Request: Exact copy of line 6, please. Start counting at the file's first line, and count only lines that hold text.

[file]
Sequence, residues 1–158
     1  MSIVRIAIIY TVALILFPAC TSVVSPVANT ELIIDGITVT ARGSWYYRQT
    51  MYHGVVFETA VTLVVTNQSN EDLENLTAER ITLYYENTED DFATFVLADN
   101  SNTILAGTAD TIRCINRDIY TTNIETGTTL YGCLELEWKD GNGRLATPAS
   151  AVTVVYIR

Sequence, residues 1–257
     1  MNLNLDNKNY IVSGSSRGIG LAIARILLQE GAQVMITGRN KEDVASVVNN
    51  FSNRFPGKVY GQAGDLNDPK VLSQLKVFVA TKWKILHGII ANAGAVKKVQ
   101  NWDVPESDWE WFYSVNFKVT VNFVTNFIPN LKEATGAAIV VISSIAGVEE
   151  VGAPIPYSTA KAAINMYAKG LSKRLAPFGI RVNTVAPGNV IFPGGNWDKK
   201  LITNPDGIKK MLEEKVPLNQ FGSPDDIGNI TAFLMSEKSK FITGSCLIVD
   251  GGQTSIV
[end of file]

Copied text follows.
Sequence, residues 1–257